The Euthemius Monastery

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The Euthemius Monastery (Khan el-Ahmar) is named after the Armenian monk Euthemius, who was one of the founders of Judean Desert Christian monasticism in the Byzantine period

Euthemius was born in Armenia in 377 CE, and came to the Land of Israel in 406, at the age of 29. He and other monks established a number of monasteries, including a communal monastery (coenobium) on the cliffs of Nahal Og – Deir Muklikh.

In 428 CE he established here, in Mishor Adummim, a monastery of hermits (laura), where he lived together with his pupils.

Euthemius enjoyed longevity, and died at the age of 97 (475 CE). He was buried in his monastery. Euthemius’ many disciples, who began as young monks in the monastery that he established, founded many monasteries of their own and filled senior posts in the Land of Israel Church in the Byzantine period. The most famous of these disciples were Martyrius, who established the monastery that bears his name, and that is located in the center of the present-day city of Ma’ale Adummim, and the monk Elias, who founded a monastery in Jericho. Each in turn would later be appointed to the position of Patriarch in Jerusalem.

On May 7, 482, the Euthemius Monastery was changed from a monastery of hermits (laura) to a communal monastery (coenobium). During the dedication of the monastery, Euthemius’ bones were reinterred in a crypt built there. The establishment of the monastery, the construction of which took three years, and the miracle that occurred on the day of its dedication, are described in dramatic fashion in the book Vita Euthymii, written by the monk Cyril of Scythopolis (Beth-Shean). Cyril himself stayed in this monastery, and noted that a sliver of the wood from the True Cross, inlaid with precious stones and gold, was preserved in a room in the church.



The Euthymius Monastery archaelogical compound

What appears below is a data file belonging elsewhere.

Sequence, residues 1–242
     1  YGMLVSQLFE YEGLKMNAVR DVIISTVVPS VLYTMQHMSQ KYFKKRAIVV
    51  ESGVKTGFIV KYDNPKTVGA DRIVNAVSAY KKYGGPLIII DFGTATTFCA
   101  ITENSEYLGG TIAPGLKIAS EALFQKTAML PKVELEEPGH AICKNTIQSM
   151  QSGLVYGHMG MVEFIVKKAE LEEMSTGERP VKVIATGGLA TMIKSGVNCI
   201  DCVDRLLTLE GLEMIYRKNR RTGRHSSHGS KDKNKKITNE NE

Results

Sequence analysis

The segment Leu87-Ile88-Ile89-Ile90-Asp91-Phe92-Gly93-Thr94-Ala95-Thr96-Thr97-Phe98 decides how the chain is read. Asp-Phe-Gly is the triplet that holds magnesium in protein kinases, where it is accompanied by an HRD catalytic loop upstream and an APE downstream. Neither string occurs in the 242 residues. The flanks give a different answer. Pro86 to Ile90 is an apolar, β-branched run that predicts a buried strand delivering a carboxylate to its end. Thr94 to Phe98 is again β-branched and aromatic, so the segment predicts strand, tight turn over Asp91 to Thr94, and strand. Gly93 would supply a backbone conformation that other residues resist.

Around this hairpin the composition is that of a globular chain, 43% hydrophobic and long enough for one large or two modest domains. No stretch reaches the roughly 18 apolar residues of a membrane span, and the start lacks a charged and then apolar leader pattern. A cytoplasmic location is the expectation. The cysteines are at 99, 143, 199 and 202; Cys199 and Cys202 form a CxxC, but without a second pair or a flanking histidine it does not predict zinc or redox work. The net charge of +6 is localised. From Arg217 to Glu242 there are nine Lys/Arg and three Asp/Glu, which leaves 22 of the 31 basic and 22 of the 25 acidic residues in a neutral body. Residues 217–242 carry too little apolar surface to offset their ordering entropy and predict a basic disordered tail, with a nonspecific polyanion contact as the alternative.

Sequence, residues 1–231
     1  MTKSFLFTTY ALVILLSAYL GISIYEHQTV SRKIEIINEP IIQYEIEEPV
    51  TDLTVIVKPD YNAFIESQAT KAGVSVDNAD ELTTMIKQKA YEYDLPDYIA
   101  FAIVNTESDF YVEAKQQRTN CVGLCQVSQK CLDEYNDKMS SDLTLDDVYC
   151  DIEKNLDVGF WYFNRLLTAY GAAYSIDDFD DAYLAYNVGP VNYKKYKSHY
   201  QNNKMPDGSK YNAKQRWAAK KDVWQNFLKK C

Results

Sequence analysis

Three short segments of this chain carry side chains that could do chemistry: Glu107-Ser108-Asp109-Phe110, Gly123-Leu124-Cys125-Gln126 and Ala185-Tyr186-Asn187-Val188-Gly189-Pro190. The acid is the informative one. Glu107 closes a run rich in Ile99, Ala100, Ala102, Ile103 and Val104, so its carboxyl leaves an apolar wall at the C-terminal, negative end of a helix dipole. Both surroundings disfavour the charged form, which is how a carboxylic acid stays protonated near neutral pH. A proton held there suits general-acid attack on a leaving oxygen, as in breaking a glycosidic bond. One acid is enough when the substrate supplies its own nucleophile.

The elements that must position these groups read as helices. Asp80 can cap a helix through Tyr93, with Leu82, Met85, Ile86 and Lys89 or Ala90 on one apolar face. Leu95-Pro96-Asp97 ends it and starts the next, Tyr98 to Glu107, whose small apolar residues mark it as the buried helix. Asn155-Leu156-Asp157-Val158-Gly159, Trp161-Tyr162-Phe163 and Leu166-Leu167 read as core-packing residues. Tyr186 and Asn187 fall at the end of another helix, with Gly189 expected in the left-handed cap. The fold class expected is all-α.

Photo: Ron Peled

In contrast with many other monasteries in the Judean Desert that were destroyed and abandoned after the Islamic conquest in the mid-seventh century, the Euthemius Monastery continued to exist, and apparently was damaged in the earthquake that struck the region in 660 CE.

The monastery was restored and continued to function as an active Christian monastery until close to the Crusades.

The Russian Abbot Daniel, who visited the Land of Israel in 1106-1108, mentions that the monastery was destroyed and abandoned in the twelfth century.
The Crusaders restored the monastery, and rebuilt parts of it. Beginning in the thirteenth century, the site functioned as a caravansary (khan) until its final desertion in the Ottoman period.

Excavations at the site were begun in 1928 by D.J. Chitty, and have continued to the present. The excavations uncovered a large monastery (65 X 54 m.) encompassed by a wall, that was entered from the north. In the center of the monastery is a courtyard paved with well-fitted stone slabs. What is apparently an inn for pilgrims was discovered in its southern part.

The monastery church that was unearthed in the southeast corner was erected on three vaults, to elevate it above its surroundings. The church from the Byzantine period was destroyed, and has not been preserved. The last phase of the church to be uncovered was built partly in the Islamic period, while the remainder was constructed by the Crusaders. In the center of the monastery is a crypt containing many built and rock-cut tombs covered by stone slabs. This is most likely the resting-place of the monastery father Euthemius.



The water cistern by Euthymius monastery

Photo: Ron Peled

One of the most interesting aspects of the Judean Desert monasteries are their water systems. These attest to the thought and great labor invested in the collection of the scant rainwater that fell in the region. The existence of the monasteries in the Judean Desert was dependent upon the accumulation of water, and in dry years in which rain did not fall, their inhabitants were forced to leave the monasteries.

This is the reason for the great investment in the construction of rainwater cisterns in the monasteries. The less the precipitation, the larger these receptacles had to be. Four tremendous cisterns were discovered in this monastery the largest of which, uncovered on the eastern side of the monastery, was filled by rainwater from around the monastery.

The excavations of the monastery from the 1970s to the present, its preservation, and its development were conducted by the Archaeology Staff Officer and the Civil Administration of Judea and Samaria.

Judean Desert Monasticism

During the Byzantine period, a large-scale monastic movement developed in Egypt and Syria, and hundreds of monasteries were built.